The escape of Isabella from the unsolicited advances of Manfred is a keen example of this. Her flight to the bottom of the “principal staircase” in preference to the “guarded locked gates”, in an attempt to access  the “subterraneous passage” she recollects, that will afford escape from the vaults of the castle to the church of Saint Nicholas – that runs contiguous apparently –in order to gain sanctuary at its alter.(p.26) Seizing a lamp hung at the bottom of the stairs to light her way through the gloom – we imagine the crash of shoes on stone and the hiss of flame – as she hastens to the lower realms of the castle, “hollowed out into several intricate cloisters.”(p.26) Subjected to awful silences, door shaking blasts of wind  and grating rusty hinges, that can be heard throughout the subterranean gloom, we stand with Isabella, our breast heaving, as we attempt to ascertain the pursuit of the dreaded Manfred.(p.26)

               Although one must assume that Walpole doesn’t have experience with the spirit world, former Counts masquerading as priests, or even perhaps itinerant Giants, he does have a plan. In the lucid explication of the route taken by the fleeing Isabella he takes us to a location where he has undoubtedly visited. His memory of the castle and its environs lends credence to his tale, and complimented with his dynamic prose adheres to the old adage of writing what you know. Because of Walpole’s crafted narration “The Castle of Otranto,” although a fantastical tale, is made almost believable. His rich descriptions, vivid imagery and sense of timing, create what might be considered a modern novel. It was the development of the descriptive scenario coupled with ornamented language that undoubtedly turned the epistolary and picaresque novels of Walpole’s day, into the modern codices we now enjoy on our bookshelves.



Lights-Camera -Action – PAMELA / RICHARDSON

7 Jun


 The origins of the Adventure genre found in the eighteenth century novel “Pamela” by Samuel Richardson 

   The modern action adventure story owes much to Richardson’s “Pamela.” With a plot that shocks and entertains, and with rip-roaring action throughout, “Pamela” is a riot of lust, suspicion, and double dealing. Every facet of modern literary intrigue can be found within its pages, and it’s likely that contemporary novels all owe a degree of provenance to it.  “The Riddle of the Sands”, an early twentieth century novel by Erskine Childers, is often acclaimed as the first espionage novel of modern times and yet, many of the stories twists and turns can be traced to “Pamela.” Incidents of secret meetings, hidden messages, near misses, daring escapes, and mysterious comings and goings are all imagined by Richardson, who proves through his novel to be a patriarch of the genre. Pamela although not the first female action-adventure-hero of eighteenth century literature, is definitely one of its finest. A young woman, she must guard her chastity and endure impossible – if not improbable – situations despite seemingly insurmountable odds, using only common sense, guile, and home spun morality. Pamela beseeches the Almighty to save her in her moment of need, “… Angels and saints and all the hosts of heaven defend me,” (p.63) but her bootless cries fall on a deaf heaven, and so is forced to fend for herself.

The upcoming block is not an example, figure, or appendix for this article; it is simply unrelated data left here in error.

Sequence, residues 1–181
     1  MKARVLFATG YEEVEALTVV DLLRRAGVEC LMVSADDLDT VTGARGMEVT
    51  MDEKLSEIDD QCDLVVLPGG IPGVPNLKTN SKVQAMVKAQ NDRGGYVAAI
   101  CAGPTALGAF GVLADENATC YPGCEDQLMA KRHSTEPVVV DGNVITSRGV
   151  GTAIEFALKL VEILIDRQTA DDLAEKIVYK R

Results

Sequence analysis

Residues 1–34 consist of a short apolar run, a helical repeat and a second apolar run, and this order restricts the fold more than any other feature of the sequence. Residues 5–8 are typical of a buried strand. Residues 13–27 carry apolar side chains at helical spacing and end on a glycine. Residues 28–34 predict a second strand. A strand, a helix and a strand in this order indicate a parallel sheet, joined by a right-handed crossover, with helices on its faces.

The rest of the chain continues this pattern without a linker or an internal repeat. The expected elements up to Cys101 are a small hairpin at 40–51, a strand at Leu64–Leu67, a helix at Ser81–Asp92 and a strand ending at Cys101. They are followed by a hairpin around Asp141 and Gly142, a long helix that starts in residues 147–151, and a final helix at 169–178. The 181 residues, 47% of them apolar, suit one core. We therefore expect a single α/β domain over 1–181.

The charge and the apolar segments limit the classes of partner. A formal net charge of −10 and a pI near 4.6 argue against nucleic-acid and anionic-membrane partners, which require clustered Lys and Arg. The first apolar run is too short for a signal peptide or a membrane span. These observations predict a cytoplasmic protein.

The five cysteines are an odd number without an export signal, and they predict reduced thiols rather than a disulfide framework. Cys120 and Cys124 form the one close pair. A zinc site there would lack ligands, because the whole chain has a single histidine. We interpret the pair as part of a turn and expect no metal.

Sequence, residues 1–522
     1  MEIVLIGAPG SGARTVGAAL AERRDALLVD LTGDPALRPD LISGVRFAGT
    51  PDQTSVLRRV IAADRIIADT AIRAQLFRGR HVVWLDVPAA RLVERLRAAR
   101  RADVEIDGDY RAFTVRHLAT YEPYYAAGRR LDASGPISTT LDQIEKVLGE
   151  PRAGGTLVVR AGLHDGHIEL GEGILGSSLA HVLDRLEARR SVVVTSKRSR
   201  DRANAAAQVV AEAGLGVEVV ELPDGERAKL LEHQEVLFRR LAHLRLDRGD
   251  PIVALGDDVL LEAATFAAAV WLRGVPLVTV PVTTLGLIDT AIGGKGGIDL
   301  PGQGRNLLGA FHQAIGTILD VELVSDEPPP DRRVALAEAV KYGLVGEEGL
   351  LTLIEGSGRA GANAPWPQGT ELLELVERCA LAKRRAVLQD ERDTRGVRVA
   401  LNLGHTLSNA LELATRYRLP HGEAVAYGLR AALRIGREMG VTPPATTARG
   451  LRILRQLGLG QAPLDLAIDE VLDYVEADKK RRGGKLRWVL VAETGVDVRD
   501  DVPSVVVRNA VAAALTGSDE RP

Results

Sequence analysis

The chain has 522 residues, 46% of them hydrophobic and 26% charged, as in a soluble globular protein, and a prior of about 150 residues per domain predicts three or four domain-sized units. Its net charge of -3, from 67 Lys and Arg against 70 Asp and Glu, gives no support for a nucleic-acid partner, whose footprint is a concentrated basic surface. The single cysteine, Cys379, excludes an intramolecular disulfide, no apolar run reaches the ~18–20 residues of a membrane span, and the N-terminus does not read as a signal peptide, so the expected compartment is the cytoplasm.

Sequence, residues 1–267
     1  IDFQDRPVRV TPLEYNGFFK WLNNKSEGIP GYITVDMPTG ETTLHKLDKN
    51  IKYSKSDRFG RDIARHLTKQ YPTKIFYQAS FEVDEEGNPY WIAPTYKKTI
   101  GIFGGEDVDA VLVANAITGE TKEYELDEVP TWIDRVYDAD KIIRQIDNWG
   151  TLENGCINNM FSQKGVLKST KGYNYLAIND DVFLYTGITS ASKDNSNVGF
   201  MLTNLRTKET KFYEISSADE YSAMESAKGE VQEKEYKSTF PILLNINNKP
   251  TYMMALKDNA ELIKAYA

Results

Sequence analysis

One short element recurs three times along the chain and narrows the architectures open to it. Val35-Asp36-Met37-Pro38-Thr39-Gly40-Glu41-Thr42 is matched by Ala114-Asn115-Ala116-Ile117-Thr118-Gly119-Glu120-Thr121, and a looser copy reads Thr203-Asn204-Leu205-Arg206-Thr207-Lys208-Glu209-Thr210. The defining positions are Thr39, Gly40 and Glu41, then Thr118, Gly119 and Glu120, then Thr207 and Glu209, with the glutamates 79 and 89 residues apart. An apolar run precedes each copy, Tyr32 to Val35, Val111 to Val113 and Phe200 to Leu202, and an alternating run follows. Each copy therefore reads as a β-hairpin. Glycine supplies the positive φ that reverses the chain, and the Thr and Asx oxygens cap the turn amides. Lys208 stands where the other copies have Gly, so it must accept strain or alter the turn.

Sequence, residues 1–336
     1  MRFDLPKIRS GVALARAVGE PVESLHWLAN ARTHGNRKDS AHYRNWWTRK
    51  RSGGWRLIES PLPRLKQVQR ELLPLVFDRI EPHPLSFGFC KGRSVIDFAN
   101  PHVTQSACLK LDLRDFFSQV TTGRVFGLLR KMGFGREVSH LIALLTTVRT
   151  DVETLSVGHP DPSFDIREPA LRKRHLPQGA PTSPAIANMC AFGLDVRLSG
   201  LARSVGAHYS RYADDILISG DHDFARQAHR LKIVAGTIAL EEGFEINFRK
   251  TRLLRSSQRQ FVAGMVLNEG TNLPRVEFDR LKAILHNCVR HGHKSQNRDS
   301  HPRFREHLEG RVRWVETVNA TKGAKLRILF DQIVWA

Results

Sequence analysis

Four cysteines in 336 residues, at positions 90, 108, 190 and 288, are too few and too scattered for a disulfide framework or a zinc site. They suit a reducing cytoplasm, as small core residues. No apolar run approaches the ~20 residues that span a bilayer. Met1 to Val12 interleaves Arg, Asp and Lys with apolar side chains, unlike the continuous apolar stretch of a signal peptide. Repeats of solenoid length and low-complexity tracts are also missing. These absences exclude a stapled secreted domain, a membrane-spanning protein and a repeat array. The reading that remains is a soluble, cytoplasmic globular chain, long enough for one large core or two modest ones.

Richardson recognized that a novel should encourage the reader to read further; what today we would call a page-turner. Rather than a didactic epistolary he chooses to suspend the reader’s sense of disbelief to the extent that the line between credulity and incredulity is continuously crossed. Just when one imagines that the story has been told and that the book is finished, a short, sharp, shift, in gear takes one deeper into a fresh sub-plot. According to Graemme Shimmin author of “A kill in the Morning” – an espionage novel of some renown – “in order to be memorable, an intrigue novel must contain the following six sub-genres.”(Shimmin)

1. Stunning opening

2. Dynamic protagonist

3. Realism

4. Action

5. Cliff hanger scenarios

6. Startling twists.


               Whether or not Shimmin is aware of Richardson’s work is unclear however, he describes “Pamela” to a tee. Richardson’s novel embodies each of these categories, demanding as it does the reader’s attention at every line.